Irrigation is a way of getting water to soil. In these cases, it is not done by organic means, but rather man made sorts of paths that are used to help grow crops during drought or in places that do not have enough rainfall. It has a variety of other uses, as it is beneficial in preventing soil consolidation and suppresses weed growth, but also may help to protect plants from frost and usually is used in tandem with drainage.
Drainage is sort of the flip side of irrigation. Where irrigation brings the water, drainage takes it away. When you're thinking about your yard, you probably do not have much issue with drainage; some people do find they need to install or dig drainage, but this is not as much of an issue as irrigation can be.
In terms of landscaping, most people are probably not looking for a high grade, multi irrigations system combined with a drainage system. Generally speaking, the irrigation of choice for home lawns is sprinkler systems, but there are a number of different systems to choose from that you should know about if you're considering irrigation for your lawn. These four basic types are sprinkler irrigation, subsurface irrigation, trickle or drip irrigation and surface or gravity irrigation. Each of these has potential advantages, and of course, there is always the old standby, hand watering, which, is actually a method that many opt for even now. If your lawn is not overly large, this may be a good choice for you with an appropriate sprayer to distribute the water.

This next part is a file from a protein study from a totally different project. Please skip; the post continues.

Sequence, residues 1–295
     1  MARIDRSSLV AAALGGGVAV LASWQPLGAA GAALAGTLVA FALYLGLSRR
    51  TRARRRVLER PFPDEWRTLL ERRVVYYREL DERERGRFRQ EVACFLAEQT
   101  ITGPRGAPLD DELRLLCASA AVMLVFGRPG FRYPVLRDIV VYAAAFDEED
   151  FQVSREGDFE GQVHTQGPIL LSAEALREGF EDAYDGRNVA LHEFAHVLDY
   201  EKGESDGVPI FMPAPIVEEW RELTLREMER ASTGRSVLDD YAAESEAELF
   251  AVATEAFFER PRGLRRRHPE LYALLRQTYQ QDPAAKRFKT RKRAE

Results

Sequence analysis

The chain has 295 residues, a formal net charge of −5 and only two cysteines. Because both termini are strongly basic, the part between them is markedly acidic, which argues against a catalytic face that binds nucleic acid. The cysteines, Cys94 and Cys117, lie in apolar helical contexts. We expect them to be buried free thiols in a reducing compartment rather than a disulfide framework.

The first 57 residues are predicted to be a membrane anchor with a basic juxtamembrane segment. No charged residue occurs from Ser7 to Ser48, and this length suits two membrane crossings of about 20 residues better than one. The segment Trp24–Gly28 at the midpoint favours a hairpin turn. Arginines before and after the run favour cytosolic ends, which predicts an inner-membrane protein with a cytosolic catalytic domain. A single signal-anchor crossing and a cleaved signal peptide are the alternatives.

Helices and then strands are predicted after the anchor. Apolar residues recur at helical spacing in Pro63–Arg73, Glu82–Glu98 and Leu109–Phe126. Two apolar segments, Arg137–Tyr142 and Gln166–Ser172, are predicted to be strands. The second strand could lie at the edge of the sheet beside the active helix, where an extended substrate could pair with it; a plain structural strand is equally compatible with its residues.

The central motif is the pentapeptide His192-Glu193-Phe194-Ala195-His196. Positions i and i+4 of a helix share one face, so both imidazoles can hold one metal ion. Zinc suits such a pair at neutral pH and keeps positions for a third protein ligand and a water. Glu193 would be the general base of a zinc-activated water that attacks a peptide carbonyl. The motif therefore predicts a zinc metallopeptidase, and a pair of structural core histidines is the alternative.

Most use sprinklers, as mentioned above, so we will go into some of the ways that you might use sprinkler irrigation in your landscaping projects. Underground sprinklers have always been a much less obtrusive or defacing way to achieve this, when it comes to automatic irrigation systems. The only downfall to an automatic, underground system is in that they tend to use a great deal more water than other systems, and if you live in an area where there are drought laws, you may wish to consider other options. This leaves of course the above ground systems and these are usually fairly water efficient and are able to moisten soil more thoroughly. In more recent years, designs have become decorative, or minimally obvious, so these are not a bad option for most.
Before you choose the sort of irrigation system you are looking for, you may want to look at what you need. If you live in a zone with regular rain fall, it may be your best bet just to consider hand watering, or using a portable system which you could move from area to area of your lawn as needed. If you live in a heavily dry area, you may have to check with your local authorities on water use laws. However, once you know and can determine exactly what your water needs are for your landscaping, choosing which system will be best is usually down to a matter of below or above, and becomes much easier.